When I arrived on campus this semester I noticed a marked difference in the way I thought about the university compared to when I first arrived. As a freshman, and even as a sophomore, I'd think of the university as a separate entity from me—an institution that runs by the grace of other people, with programs designed and run by other people, and a culture set by other people. I'd evaluate the university as an outsider would: What are U of A kids like? Are the clubs run well? Do they offer fun programs and activities?
Now that I'm a junior, neck-deep in activities and programs, I realized that I'm no longer on the outside looking in. The incoming freshman class must be evaluating the university the same way I did (What are U of A kids like? Are the clubs run well?...), but now I realize that whom they're judging is really us, the upperclassmen. The questions I used to ask of others are now directed at me—What are we like? Do we run our clubs well? Do we come up with new, fun, and innovative programs and activities?—because in your junior year you realize that there's no one else who make the university run but ourselves. Our culture is the university's culture. Our brains are the university's brains. Our drive is the university's drive.
Here's an example of what I mean. Currently the International Studies program offers a colloquium series on various regions of the world. It's an innovative idea, most of all because the colloquia are taught and designed by undergraduate students who have visited the regions they discuss. As a freshman or sophomore, I would have thought it was the university who was giving the opportunity, and students were simply receiving the benefits. However, when I learned that the colloquium was actually the brainchild of a student here at the U of A, I saw the student-university relation in a broader light: The university may provide opportunities to students, but students can also provide opportunities to the university. The plethora of programs and activities that we have exist because of someone, and continue to exist because someone is working to maintain them.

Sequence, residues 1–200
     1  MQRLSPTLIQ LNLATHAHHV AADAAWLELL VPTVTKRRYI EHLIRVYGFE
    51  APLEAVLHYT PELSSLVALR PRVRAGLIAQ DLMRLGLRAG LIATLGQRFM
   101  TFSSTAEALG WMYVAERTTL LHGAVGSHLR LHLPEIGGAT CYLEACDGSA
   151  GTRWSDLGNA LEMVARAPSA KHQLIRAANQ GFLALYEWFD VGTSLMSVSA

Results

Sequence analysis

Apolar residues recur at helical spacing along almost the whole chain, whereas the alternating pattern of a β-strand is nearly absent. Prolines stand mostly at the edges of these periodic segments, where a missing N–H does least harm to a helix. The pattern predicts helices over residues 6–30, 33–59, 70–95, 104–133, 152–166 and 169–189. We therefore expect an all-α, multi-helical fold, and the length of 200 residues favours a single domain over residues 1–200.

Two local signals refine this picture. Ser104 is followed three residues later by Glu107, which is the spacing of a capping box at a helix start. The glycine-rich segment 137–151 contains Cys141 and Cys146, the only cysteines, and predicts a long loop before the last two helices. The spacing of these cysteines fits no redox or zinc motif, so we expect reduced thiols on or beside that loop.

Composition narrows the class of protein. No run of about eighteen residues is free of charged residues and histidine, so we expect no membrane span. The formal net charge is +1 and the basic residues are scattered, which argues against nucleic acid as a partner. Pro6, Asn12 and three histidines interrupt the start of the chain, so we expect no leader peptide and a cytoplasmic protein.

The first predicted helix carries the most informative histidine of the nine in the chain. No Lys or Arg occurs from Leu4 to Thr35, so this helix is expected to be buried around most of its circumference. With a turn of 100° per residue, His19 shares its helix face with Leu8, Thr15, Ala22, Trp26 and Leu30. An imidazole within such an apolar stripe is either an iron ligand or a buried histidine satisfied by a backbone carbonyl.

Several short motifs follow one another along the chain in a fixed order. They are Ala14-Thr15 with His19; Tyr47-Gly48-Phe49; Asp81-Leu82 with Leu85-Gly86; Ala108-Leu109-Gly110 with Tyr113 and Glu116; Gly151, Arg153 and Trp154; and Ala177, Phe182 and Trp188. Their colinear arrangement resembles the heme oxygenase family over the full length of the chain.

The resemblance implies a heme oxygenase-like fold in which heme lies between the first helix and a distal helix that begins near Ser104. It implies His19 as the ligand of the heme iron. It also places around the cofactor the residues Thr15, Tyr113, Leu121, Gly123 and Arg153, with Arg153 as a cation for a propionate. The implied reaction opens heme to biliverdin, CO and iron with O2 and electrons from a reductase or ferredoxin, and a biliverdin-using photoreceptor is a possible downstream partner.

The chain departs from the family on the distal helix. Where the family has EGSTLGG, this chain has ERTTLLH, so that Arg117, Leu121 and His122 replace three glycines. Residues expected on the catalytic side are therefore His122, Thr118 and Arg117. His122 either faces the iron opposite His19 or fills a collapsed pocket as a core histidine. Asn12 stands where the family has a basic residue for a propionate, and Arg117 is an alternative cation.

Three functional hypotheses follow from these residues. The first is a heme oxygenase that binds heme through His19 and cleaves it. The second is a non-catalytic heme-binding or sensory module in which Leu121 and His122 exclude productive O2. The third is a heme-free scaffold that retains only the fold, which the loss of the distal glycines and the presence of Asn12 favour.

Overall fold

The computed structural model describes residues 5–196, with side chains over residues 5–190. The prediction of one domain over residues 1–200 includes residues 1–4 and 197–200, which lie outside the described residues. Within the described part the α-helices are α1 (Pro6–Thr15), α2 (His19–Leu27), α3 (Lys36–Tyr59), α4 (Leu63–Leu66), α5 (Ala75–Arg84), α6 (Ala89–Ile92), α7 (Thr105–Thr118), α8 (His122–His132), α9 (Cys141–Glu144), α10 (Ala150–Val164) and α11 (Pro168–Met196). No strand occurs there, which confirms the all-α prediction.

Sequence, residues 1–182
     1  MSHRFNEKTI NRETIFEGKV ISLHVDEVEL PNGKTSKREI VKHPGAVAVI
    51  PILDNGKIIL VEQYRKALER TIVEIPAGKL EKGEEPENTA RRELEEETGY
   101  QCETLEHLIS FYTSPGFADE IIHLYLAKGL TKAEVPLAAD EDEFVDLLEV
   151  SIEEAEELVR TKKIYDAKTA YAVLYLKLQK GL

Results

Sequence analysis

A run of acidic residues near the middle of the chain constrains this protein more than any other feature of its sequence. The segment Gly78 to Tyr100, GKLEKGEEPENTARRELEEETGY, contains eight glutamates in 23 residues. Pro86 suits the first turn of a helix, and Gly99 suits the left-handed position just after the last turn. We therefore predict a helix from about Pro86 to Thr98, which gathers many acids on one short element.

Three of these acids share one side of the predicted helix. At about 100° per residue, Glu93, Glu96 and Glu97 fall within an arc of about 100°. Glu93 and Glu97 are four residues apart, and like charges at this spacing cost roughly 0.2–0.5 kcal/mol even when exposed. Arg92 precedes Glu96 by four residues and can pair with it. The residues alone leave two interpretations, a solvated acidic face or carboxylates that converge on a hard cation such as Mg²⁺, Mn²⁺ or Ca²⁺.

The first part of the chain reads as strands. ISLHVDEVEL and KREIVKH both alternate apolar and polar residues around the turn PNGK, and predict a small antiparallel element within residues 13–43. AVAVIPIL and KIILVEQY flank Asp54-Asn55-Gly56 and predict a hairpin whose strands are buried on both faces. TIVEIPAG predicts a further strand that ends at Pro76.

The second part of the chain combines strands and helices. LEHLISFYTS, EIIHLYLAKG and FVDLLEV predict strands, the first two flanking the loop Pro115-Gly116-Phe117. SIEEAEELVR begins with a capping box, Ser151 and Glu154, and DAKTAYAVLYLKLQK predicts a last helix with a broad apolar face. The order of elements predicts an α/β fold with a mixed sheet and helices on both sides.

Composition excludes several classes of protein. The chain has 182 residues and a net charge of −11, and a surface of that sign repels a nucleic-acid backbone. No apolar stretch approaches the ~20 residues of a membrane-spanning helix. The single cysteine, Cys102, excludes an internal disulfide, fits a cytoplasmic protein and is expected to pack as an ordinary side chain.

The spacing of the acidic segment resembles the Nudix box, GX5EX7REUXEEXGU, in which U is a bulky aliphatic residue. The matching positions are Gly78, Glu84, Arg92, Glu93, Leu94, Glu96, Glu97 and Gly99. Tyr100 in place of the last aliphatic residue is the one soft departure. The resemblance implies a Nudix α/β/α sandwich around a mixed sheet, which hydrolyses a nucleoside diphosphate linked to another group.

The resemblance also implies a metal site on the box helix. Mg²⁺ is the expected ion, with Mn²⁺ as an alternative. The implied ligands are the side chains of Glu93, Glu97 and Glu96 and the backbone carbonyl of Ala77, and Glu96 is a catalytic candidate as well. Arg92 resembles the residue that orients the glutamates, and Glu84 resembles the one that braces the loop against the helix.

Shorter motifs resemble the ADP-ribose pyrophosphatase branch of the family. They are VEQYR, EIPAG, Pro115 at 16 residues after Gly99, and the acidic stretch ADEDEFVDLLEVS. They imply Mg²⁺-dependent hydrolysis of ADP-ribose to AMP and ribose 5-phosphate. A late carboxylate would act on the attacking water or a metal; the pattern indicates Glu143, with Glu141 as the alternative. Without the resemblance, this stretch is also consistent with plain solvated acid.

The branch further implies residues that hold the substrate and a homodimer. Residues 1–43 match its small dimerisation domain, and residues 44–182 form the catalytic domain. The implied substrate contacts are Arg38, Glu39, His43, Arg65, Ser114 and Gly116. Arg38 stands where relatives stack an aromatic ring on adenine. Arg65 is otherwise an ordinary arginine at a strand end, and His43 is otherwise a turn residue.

Every part of the university is supported by the students that form it. On a more day-to-day basis, take for example the tutoring center. If I were a student who came for help and had a bad experience, I would think that the university had a bad tutoring center. I'd tend to interpret the faults of individuals as the faults of the university. But since I work at the tutoring center, my thinking goes the other way. The quality of the university's tutoring center becomes partly my responsibility when I realize that students anxiously waiting for help at the tutoring center are relying on meto do a good job.
I think this personal shift in thinking also represents a broader sociological principle. Although we like to think of institutions as formal, abstract concepts, when you get into the details, as in this example, you realize that everything about an institution remits back to the people who form it. Some people are, of course, more involved than others, and that seems to influence the degree to which you identify yourself with the institution. But everyone plays a role, whether they realize it or not; and perhaps the bigger the stake that everyone has, the more successful the institution will be.